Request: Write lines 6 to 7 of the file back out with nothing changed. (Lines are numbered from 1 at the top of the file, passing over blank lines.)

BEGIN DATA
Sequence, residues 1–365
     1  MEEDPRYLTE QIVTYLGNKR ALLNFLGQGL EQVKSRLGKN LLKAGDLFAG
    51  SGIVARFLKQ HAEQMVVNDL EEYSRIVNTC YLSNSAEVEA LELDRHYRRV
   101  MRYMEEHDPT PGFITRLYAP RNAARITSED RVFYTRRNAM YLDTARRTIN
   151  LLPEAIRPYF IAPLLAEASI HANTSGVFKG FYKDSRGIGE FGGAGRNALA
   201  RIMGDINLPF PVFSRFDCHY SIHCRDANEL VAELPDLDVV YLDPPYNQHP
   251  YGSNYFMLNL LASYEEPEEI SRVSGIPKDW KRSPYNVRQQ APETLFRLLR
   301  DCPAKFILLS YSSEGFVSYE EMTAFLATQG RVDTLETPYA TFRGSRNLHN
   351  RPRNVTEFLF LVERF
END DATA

   201  RIMGDINLPF PVFSRFDCHY SIHCRDANEL VAELPDLDVV YLDPPYNQHP
   251  YGSNYFMLNL LASYEEPEEI SRVSGIPKDW KRSPYNVRQQ APETLFRLLR